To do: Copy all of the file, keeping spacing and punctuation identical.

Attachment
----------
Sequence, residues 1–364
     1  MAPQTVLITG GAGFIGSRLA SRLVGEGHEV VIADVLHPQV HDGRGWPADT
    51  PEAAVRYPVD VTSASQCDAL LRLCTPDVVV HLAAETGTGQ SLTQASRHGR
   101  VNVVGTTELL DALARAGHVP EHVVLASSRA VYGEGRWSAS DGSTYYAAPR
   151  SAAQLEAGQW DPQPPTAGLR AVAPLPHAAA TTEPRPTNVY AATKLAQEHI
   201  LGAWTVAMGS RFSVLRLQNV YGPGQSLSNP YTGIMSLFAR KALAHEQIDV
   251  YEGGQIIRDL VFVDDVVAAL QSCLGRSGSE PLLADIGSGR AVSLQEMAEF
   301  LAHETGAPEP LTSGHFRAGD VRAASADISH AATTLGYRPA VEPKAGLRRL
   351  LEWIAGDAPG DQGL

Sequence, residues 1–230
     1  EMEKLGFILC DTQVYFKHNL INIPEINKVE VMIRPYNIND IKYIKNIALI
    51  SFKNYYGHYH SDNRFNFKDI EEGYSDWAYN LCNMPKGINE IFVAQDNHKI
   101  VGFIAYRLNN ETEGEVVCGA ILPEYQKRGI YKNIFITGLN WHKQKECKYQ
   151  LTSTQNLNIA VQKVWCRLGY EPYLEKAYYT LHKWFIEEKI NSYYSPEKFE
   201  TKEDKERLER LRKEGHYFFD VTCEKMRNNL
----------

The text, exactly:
Sequence, residues 1–364
     1  MAPQTVLITG GAGFIGSRLA SRLVGEGHEV VIADVLHPQV HDGRGWPADT
    51  PEAAVRYPVD VTSASQCDAL LRLCTPDVVV HLAAETGTGQ SLTQASRHGR
   101  VNVVGTTELL DALARAGHVP EHVVLASSRA VYGEGRWSAS DGSTYYAAPR
   151  SAAQLEAGQW DPQPPTAGLR AVAPLPHAAA TTEPRPTNVY AATKLAQEHI
   201  LGAWTVAMGS RFSVLRLQNV YGPGQSLSNP YTGIMSLFAR KALAHEQIDV
   251  YEGGQIIRDL VFVDDVVAAL QSCLGRSGSE PLLADIGSGR AVSLQEMAEF
   301  LAHETGAPEP LTSGHFRAGD VRAASADISH AATTLGYRPA VEPKAGLRRL
   351  LEWIAGDAPG DQGL

Sequence, residues 1–230
     1  EMEKLGFILC DTQVYFKHNL INIPEINKVE VMIRPYNIND IKYIKNIALI
    51  SFKNYYGHYH SDNRFNFKDI EEGYSDWAYN LCNMPKGINE IFVAQDNHKI
   101  VGFIAYRLNN ETEGEVVCGA ILPEYQKRGI YKNIFITGLN WHKQKECKYQ
   151  LTSTQNLNIA VQKVWCRLGY EPYLEKAYYT LHKWFIEEKI NSYYSPEKFE
   201  TKEDKERLER LRKEGHYFFD VTCEKMRNNL